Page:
I much prefer proud, card-carrying sycophants. Don't miss Muhammad Magdi Morgaan's latest masterpiece: "As a citizen who's lived through the previous life of humiliation and whom luck has befriended by experiencing the era of light, freedom, and democracy, I call on Mubarak in the name of millions of loyal and knowledgeable ones not to abandon us while we're in the midst of the ocean struggling with whales and whirlpools and resisting rocks and hawks, and to run in the elections and go through the experience that he has sown, established and raised."
I don't know if Mr. President has had a chance to see Mr. Morgaan's piece yet, he's quite busy. For five hours, he toured farms and agricultural lands in Sharq al-Owaynat "in connection with his extreme concern for monitoring national projects aiming to ensure a secure future for the present generation and future generations." In a harbinger of spring, the president inaugurated the barley and wheat harvest in the area, and there's a lovely photo of him picking a ripe, green guava, shielded under a canopy of sun-dappled tree branches.
Fahmi Huwaidy has written an uncharacteristically restrained opinion piece on the current hoopla in the US led by self-described "progressive" Muslims "against terrorism". Huwaidy interprets these as efforts to "fragment Islam." I can't blame him when professional Muslim-hater Daniel Pipes is cooking up something called the "Center for Islamic Pluralism" to shove aside the elected leaders of the American Muslim community and replace them with "moderate," "progressive" stooges. The "Center for Islamic Pluralism" opened for business on March 25, 2005 (they list no address or headquarters), and is directed by a convert to Islam named Stephen Schwartz and a roster of other shady personalities with no constituencies. Apparently, this is not without parallel in the United States. Max Blumenthal in The Nation has an article ("The Minister of Minstrelsy") on unknown black conservatives backed by wealthy white conservatives who make a living vilifying recognized leaders of the African-American community.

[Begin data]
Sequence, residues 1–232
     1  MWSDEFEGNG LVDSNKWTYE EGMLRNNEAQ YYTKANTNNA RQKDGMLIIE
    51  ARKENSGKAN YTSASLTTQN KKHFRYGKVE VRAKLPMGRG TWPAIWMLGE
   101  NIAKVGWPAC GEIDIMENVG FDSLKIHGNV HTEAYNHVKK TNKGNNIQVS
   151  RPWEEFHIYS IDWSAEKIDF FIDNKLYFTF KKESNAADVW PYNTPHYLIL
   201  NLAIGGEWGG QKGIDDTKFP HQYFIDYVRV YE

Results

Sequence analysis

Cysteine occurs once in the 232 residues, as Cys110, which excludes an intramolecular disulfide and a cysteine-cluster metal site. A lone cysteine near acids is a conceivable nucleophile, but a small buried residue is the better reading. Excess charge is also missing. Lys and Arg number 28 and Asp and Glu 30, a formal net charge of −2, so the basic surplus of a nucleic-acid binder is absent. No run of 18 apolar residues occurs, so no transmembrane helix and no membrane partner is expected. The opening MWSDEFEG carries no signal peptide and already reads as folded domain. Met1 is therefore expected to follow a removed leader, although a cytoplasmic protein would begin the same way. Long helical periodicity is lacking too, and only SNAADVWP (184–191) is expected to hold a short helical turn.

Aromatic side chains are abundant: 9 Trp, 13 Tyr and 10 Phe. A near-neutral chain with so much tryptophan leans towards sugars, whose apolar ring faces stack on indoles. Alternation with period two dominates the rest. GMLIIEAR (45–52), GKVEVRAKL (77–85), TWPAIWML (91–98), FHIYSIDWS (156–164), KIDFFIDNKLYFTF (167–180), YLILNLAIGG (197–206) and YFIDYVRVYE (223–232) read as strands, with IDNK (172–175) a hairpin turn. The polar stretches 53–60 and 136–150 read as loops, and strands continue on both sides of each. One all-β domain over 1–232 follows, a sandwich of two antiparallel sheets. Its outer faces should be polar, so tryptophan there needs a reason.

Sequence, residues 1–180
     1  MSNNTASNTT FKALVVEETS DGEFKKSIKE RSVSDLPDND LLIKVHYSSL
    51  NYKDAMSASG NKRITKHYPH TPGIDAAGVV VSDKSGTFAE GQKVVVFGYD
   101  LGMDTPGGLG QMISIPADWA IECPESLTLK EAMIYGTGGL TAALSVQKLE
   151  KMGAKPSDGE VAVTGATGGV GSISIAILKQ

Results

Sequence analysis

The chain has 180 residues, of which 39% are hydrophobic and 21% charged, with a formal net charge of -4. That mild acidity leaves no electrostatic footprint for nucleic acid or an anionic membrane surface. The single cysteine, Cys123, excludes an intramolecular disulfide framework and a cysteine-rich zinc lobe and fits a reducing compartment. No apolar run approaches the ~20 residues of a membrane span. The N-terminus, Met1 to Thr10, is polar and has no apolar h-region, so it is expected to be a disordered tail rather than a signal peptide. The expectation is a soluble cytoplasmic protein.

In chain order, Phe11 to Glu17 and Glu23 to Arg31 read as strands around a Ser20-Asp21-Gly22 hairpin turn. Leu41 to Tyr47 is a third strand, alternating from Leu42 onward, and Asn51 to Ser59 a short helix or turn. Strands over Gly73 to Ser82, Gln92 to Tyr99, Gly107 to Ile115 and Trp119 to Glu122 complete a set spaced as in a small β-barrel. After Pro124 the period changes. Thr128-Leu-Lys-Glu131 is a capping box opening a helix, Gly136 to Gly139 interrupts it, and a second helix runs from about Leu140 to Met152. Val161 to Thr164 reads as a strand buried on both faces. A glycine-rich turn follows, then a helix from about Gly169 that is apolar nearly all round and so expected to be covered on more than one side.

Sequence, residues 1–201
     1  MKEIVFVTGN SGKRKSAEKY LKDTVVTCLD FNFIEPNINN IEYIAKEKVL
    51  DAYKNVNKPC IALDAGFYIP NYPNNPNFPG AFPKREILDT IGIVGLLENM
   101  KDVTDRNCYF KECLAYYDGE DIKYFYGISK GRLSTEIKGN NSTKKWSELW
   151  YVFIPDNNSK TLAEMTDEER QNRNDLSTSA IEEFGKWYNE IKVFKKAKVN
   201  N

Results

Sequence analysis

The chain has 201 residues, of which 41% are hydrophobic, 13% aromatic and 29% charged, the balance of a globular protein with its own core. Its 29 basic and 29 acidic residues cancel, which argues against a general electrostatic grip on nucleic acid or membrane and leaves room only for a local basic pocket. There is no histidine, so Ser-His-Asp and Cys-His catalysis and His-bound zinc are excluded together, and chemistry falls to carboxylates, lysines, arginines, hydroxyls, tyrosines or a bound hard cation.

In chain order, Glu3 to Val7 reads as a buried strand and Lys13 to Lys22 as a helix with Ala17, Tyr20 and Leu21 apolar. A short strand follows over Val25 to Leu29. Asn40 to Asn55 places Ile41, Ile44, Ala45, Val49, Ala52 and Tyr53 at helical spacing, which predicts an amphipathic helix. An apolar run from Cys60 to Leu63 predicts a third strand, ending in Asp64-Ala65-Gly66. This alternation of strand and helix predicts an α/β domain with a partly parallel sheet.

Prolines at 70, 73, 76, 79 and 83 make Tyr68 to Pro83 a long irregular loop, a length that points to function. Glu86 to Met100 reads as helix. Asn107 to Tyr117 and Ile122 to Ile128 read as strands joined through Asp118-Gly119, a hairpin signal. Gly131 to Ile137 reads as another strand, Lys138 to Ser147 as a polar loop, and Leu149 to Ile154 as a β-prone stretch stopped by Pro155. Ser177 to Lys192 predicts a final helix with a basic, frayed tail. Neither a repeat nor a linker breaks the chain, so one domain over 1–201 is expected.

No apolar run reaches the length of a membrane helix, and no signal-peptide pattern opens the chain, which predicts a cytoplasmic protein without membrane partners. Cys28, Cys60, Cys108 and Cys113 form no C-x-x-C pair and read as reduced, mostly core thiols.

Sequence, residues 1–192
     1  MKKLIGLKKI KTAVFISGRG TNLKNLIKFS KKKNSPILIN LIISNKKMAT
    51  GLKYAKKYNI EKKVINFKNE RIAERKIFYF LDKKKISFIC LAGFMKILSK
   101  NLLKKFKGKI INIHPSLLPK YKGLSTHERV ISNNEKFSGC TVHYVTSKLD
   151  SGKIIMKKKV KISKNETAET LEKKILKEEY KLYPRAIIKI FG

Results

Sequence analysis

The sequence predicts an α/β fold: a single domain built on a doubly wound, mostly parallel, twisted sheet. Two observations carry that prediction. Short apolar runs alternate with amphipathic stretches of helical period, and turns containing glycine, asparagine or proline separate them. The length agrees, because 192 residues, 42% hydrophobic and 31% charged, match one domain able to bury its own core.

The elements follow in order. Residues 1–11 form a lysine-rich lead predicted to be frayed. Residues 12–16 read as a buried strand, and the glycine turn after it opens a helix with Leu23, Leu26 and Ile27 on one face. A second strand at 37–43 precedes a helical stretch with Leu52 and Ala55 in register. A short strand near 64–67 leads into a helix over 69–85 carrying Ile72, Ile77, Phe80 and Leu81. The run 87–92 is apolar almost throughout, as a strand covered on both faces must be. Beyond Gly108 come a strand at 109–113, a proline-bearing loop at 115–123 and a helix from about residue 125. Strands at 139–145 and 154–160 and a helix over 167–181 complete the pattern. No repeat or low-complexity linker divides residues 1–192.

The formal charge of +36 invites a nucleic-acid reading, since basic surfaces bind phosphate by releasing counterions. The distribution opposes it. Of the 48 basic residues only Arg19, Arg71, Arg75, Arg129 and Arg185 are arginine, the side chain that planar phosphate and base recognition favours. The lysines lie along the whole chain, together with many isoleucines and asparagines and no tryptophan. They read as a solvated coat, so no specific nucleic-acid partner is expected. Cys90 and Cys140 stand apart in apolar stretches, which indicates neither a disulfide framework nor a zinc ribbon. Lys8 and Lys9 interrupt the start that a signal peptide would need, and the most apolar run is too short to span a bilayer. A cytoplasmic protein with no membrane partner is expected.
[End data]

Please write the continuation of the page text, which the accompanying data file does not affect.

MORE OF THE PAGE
al-Ahram Hebdo has an interesting gallery of potential presidential candidates, some downright scary. Even scarier is that the names of Amr Moussa and Muhammad Hasanayn Haykal are being thrown around as contenders.
Nabil Abdel Fattah (a real political scientist as opposed to all the fake ones we have) tends to write the same article over and over again, but this time his intervention is thought-provoking, if only for concluding with the political elite's inexcusable contempt for the public.
In response to Mubarak's comments to Le Figaro, Kifaya has challenged regime figures to a televised debate before the Egyptian public. To coincide with today's planned demonstrations, Kifaya has also issued a 7-point program outlining "a cluster of democratic demands" in the name of the "silent majority" of Egyptians. A slap in the face of those peddling the virtues of our rotten and abusive presidential system, Kifaya's program calls for a parliamentary republic with a strict separation of powers.
Huwayda Taha has a hilarious piece on the fleeing of the president and his kids....in Kyrgyzstan. She also has a sobering, on-point rumination on why Hasanein Haykal has irrevocably and rightly lost his hallowed mystique.